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(Surgery, Bloodless; Bloodless Medicine; Medicine, Bloodless)
Bloodless surgery is done without the use of donor blood. Bloodless surgery may include:
- Save and reinfuse the patient’s own blood
- Medicine that will boost the body's ability to make blood
- Surgery options that have as little blood loss as possible
- Medicine that improves clots and slows or stops bleeding
Reasons for Procedure
Blood can be lost during surgery. It is often replaced with blood from a donor. Some may not want to receive donated blood. Reasons may include:
- Concerns about blood-borne diseases, such as HIV or hepatitis
- Complications from a previous blood transfusion
- Religious beliefs
Bloodless surgery is an option for those who do not want or cannot have a donor blood transfusion.
Bloodless surgery may also lead to:
- Quicker recovery time
- Shorter hospital stay
- Faster wound healing
- Fewer blood transfusion complications
Your doctor will review problems that can occur with bloodless surgery. Complications from bloodless surgery may include a bad reaction to medicine or fluids that are needed.
What to Expect
Prior to Procedure
Your doctor will:
- Do a physical exam
- Order tests
- Give you instructions to prepare for surgery
If your blood will be needed, it will be collected before the surgery. You may be given treatments to help replace the blood. This may include fluids and the following:
|Common IV Placement|
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Your doctor may give you medicine to help your body make more blood. You may also asked to stop taking certain medicine, herbs, or supplements. Let your doctor know what you are taking.
Extra oxygen will be given before surgery. This will make sure your body keeps high levels of oxygen even if you lose some blood.
You may be placed in a hyperbaric oxygen chamber. This chamber helps to pump extra oxygen into your body.
The type of anesthesia will depend on your surgery.
Description of the Procedure
What will happen will depend on the type of surgery you will be having.
To further minimize blood loss, the doctor will:
- Use special surgery tools or techniques to control bleeding.
- A cell saver machine may be used. This machine will suction, wash, and filter your blood during surgery. This will let the blood be reused if needed.
Immediately After Procedure
The blood that was collected from you may be reinfused. You may also be given special fluids. A hyperbaric oxygen chamber may be needed if oxygen levels are low.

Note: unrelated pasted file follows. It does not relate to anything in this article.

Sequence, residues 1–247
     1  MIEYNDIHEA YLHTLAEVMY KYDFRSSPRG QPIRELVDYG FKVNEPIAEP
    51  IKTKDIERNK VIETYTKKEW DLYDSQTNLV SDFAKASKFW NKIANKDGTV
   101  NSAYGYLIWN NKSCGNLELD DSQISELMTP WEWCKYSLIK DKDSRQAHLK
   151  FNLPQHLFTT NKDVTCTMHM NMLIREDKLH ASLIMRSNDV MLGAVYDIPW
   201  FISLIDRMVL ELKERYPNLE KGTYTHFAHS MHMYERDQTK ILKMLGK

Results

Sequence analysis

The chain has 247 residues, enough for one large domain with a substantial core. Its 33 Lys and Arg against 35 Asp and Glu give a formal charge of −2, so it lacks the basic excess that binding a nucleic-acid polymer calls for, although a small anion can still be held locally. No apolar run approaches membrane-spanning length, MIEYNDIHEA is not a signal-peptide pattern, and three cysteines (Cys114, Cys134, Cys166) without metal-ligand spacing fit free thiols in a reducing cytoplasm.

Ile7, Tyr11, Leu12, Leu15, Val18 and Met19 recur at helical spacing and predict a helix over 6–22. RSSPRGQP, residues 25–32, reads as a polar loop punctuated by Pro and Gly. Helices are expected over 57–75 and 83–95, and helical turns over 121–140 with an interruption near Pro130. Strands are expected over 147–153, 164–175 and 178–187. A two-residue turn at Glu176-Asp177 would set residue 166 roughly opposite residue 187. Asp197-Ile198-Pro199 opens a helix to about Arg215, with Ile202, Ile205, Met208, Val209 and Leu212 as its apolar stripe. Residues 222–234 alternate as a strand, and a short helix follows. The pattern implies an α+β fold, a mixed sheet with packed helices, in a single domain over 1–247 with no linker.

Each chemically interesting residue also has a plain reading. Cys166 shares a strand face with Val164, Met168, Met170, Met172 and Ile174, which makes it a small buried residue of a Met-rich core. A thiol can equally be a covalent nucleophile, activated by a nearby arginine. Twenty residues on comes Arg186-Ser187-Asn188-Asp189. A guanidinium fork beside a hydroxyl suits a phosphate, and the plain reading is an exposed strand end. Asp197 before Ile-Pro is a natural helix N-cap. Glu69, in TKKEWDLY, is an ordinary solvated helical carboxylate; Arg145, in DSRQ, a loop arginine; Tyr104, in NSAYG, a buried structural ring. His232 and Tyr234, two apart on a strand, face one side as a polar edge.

How Long Will It Take?
Depends on the type of surgery you have.
How Much Will It Hurt?
Bloodless process does not cause pain.
Average Hospital Stay
How long you will stay in the hospital depends on the type of surgery.
At the Hospital
You will be taken to your recovery room where the care team will monitor you. They will watch your oxygen levels.
Call Your Doctor
It is important for you to monitor your recovery after you leave the hospital. Alert your doctor to any problems right away. If any of the following occur, call your doctor:
- Signs of infection, including fever and chills
- Cough, shortness of breath, or chest pain
- Lightheadedness or weakness
- New or unexpected symptoms
If you think you have an emergency, call for emergency medical services right away.
Canadian Blood Services
Allen J, Berrios L, Solimine M, Knott-Craig C. Bloodless Surgery in a Pediatric Jehovah’s Witness. J Extra Corpor Technol. 2013 Dec; 45(4): 251-253.
Bloodless Surgery Center. Division of Cardiothoracic Surgery, St. Luke’s-Roosevelt website. Available at: http://www.slrctsurgery.com/bloodless.html. Accessed December 28, 2019.
Center for Bloodless Medicine & Surgery at Pennsylvania Hospital. Penn Medicine website. Available at: https://www.pennmedicine.org/for-patients-and-visitors/find-a-program-or-service/bloodless-medicine. Accessed December 28, 2019.
Hyperbaric oxygen (HBO) therapy process and applications. Englewood Hospital Medical Center website. Available at: http://www.englewoodhospital.com/pdf/HBOProcessandApplications.pdf. Accessed December 28, 2019.
Mizuno J, Ozawa Y, Arita H, Hanaoka K. Anesthetic management of a Jehovah's Witness for pancreaticoduodenectomy. Masui. 2011;60(3):383-386.
Shander A, Javidroozi M, Perelman S, Puzio T, Lobel G. From bloodless surgery to patient blood management. Mt Sinai J Med. 2012;79(1):56.
- Reviewer: Donald Buck, MD
- Review Date: 06/2019
- Update Date: 09/16/2020